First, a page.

Experience has shown that informal networking is a very rich source of job leads and information about unpublished job opportunities.
In fact, it is known as the number one source of job leads. Successful networking requires that you have as many contacts as possible hear your story, so they realize you are in the job market.
To begin developing your network, secure names of specific individuals. These names can be obtained through several avenues:
- Professors, friends, relatives, and former employers – or any professionals these people recommend
- Professional associations
- People in the information business – resource center for directors or librarians, Human Resource directors, public relations officials or public information specialists
- Community service agencies or area chambers of commerce
How can they help you?
Networking is a powerful way of building professional relationships. For example, you have over 30 people in your primary network, and you ask all of them for employment advice. Those 30 people each know 30 people in their primary networks, think about all of the people who would be helping you with your job search.
Career experts suggest that 90% of job interviews occur as a result of networking.
- Networking means establishing professional contacts, and that involves follow-ups on the searcher’s part. Do not rely on the contact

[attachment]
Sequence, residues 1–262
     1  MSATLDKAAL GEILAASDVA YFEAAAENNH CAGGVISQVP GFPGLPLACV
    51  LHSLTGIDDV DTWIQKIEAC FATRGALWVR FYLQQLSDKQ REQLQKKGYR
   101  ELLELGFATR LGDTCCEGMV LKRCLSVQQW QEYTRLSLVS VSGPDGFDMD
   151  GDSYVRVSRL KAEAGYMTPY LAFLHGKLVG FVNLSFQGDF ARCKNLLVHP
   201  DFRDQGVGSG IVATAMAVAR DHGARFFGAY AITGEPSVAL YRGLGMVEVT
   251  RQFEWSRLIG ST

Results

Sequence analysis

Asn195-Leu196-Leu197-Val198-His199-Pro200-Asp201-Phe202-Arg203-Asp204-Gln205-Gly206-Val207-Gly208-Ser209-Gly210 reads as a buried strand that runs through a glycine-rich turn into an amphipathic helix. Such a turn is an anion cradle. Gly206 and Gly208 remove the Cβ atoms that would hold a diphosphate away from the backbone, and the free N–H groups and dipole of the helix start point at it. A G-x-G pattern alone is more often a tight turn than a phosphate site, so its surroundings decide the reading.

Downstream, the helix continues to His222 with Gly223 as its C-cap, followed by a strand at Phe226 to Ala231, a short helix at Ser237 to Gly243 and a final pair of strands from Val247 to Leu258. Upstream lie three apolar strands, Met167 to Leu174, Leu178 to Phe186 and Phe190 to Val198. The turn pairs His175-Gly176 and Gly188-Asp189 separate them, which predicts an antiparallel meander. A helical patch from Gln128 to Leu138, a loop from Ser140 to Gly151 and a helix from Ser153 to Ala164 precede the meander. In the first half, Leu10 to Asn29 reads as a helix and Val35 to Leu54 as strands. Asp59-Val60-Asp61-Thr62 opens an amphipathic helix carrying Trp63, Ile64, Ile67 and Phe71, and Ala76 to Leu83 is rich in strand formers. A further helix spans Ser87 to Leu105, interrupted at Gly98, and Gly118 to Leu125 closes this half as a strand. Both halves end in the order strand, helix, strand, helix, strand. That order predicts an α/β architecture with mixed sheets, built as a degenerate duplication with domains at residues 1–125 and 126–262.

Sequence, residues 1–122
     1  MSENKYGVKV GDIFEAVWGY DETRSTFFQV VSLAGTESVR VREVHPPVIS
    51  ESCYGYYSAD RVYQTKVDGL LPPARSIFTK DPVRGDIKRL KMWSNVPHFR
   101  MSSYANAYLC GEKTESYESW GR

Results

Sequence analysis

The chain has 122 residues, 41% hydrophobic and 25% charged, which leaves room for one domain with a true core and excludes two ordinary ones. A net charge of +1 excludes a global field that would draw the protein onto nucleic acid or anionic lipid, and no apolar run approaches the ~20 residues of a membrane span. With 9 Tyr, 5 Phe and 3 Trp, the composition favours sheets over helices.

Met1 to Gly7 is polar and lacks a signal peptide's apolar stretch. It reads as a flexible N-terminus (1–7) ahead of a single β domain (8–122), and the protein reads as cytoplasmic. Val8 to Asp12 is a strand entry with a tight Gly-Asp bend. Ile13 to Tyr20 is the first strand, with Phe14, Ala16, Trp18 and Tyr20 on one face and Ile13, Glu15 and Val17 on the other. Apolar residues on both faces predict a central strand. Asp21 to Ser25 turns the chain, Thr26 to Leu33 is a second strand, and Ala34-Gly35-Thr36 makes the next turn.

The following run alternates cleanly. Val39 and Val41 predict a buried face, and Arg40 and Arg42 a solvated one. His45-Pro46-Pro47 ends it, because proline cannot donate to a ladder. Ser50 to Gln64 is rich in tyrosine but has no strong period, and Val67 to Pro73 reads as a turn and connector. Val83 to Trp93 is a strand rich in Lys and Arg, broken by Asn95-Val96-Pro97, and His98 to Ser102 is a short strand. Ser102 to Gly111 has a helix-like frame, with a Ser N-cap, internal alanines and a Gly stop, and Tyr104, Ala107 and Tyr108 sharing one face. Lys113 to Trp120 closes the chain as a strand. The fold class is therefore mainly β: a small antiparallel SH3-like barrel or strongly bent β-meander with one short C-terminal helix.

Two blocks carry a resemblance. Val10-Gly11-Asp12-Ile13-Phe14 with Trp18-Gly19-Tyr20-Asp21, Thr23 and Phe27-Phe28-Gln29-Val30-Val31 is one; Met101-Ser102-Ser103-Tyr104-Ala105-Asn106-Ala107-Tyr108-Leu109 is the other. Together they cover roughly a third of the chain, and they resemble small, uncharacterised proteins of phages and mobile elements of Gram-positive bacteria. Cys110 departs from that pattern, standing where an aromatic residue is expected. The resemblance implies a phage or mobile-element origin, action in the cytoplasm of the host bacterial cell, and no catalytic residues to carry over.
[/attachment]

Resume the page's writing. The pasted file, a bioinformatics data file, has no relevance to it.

- Think of everyone you know and meet as a networking prospect (grocery store line, doctor, classmates, etc)
- Be genuine, confident, positive, and enthusiastic in all of your networking communications (even when you are frustrated)
- Keep your interactions brief and to the point
- Tell your contact that you are researching different types of opportunities within the _____________ industry and you would like to meet with them for 20-30 minutes (informational interview)
- If they say yes, set a time to meet with them face to face. Consult with your contact in order to learn about the industry, their education/training, and their professional experiences. Be willing to receive advice regarding the job search process
- If they say no, ask them if you may forward your resume to receive feedback. Include a cover letter reminding them of your brief conversation
- If they say that now is not a good time, ask them when a good time is, and circle the date on your calendar with a note to yourself
- Send thank you notes within 24 hours to everyone who has assisted you. Update them once a month of your current job status and recent field-related projects by sending a brief email. This will help them remember you if they hear of a job opportunity
- Be organized. Keep careful records of whom you have contacted and details about the conversation. Create a database to help you. *Source: National Association of Colleges & Employers .
|ADFED – The Pittsburgh Advertising Federation|
|PUMP – Pittsburgh Urban Magnet Project|
|PYP – Pittsburgh Young Professionals|
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